Bishops, Monks and Priests: Defining Religious Institutions by Writing and Rewriting Saints’ Lives (Francia, 6th–11th Centuries) - Université de Lille Accéder directement au contenu
Chapitre D'ouvrage Année : 2019

Bishops, Monks and Priests: Defining Religious Institutions by Writing and Rewriting Saints’ Lives (Francia, 6th–11th Centuries)

Résumé

In Late Antiquity hagiographical literature aimed to memorialize the martyrs’ heroic actions and chronicle the manner in which they endured persecution and met their demise in the name of Christ. In the early Middle Ages the lives of saints emphasized instead the deeds of individuals involved in their own society, particularly those active within the clergy. Thus hagiography proves an invaluable resource to understand the establishment, the functioning, and the transformation of ecclesiastical institutions: monastic communities, bishoprics, sanctuaries, rural churches, and missions. The various rewritings and updatings of some vitae offer a precious vantage point to capture the stages of reform under the early Franks, starting with the great Carolingian reform. To be sure, hagiography did not merely reflect the Church’s organization: it also contributed in its own way to the transformation of ecclesiastical institutions by introducing new norms.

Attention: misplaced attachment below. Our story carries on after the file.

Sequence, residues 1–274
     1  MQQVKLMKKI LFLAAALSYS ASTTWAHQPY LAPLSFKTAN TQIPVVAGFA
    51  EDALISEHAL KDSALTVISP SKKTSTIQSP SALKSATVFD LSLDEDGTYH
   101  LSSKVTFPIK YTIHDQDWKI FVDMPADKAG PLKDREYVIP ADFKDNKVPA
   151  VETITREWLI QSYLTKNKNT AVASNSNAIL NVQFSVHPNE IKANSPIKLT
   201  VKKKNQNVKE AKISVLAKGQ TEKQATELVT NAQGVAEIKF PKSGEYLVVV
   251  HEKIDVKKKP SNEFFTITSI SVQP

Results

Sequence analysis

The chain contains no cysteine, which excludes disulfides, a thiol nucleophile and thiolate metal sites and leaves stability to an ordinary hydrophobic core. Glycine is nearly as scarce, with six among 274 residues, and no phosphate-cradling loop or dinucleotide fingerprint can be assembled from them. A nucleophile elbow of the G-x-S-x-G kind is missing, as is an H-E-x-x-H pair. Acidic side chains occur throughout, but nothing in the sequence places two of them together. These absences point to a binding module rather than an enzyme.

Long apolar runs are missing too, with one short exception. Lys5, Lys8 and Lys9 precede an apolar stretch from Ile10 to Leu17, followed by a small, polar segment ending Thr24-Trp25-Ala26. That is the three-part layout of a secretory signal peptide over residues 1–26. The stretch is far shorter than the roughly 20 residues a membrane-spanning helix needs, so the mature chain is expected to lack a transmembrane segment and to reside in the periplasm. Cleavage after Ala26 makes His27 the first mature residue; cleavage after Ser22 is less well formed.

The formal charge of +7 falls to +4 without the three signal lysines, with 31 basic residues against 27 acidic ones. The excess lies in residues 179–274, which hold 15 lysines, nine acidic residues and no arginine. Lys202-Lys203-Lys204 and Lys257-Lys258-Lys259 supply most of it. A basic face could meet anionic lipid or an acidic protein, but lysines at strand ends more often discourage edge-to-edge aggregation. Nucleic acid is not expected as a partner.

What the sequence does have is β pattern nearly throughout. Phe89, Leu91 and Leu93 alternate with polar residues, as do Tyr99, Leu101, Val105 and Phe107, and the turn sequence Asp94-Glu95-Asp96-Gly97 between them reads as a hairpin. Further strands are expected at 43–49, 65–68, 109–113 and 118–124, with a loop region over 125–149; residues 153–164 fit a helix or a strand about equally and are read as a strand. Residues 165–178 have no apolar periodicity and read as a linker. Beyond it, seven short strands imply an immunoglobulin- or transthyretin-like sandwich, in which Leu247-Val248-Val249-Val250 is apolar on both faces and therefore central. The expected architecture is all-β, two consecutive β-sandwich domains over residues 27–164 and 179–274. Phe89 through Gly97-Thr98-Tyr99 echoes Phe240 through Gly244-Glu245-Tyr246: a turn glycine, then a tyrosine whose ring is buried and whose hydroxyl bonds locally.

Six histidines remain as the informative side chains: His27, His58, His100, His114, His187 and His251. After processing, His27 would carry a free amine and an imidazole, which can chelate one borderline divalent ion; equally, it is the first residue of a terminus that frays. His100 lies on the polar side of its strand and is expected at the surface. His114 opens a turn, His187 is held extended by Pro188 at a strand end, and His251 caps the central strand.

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Histoire
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Dates et versions

hal-04297564 , version 1 (21-11-2023)

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  • HAL Id : hal-04297564 , version 1

Citer

Charles Meriaux. Bishops, Monks and Priests: Defining Religious Institutions by Writing and Rewriting Saints’ Lives (Francia, 6th–11th Centuries). Kahn Herrick, Samantha. Hagiography and the history of latin Christendom (500-1500), Brill, p.143-160, 2019, 9789004417472. ⟨hal-04297564⟩
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